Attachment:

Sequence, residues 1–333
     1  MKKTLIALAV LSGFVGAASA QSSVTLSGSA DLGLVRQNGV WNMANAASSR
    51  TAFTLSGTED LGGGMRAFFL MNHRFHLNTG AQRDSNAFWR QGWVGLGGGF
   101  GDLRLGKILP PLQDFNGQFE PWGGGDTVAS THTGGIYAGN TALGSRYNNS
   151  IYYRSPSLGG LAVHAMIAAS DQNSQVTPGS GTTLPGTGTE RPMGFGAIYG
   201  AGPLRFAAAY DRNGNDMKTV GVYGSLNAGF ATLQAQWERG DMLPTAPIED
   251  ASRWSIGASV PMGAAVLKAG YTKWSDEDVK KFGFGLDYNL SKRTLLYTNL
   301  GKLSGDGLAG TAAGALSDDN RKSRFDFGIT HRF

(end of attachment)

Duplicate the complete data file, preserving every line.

Sequence, residues 1–333
     1  MKKTLIALAV LSGFVGAASA QSSVTLSGSA DLGLVRQNGV WNMANAASSR
    51  TAFTLSGTED LGGGMRAFFL MNHRFHLNTG AQRDSNAFWR QGWVGLGGGF
   101  GDLRLGKILP PLQDFNGQFE PWGGGDTVAS THTGGIYAGN TALGSRYNNS
   151  IYYRSPSLGG LAVHAMIAAS DQNSQVTPGS GTTLPGTGTE RPMGFGAIYG
   201  AGPLRFAAAY DRNGNDMKTV GVYGSLNAGF ATLQAQWERG DMLPTAPIED
   251  ASRWSIGASV PMGAAVLKAG YTKWSDEDVK KFGFGLDYNL SKRTLLYTNL
   301  GKLSGDGLAG TAAGALSDDN RKSRFDFGIT HRF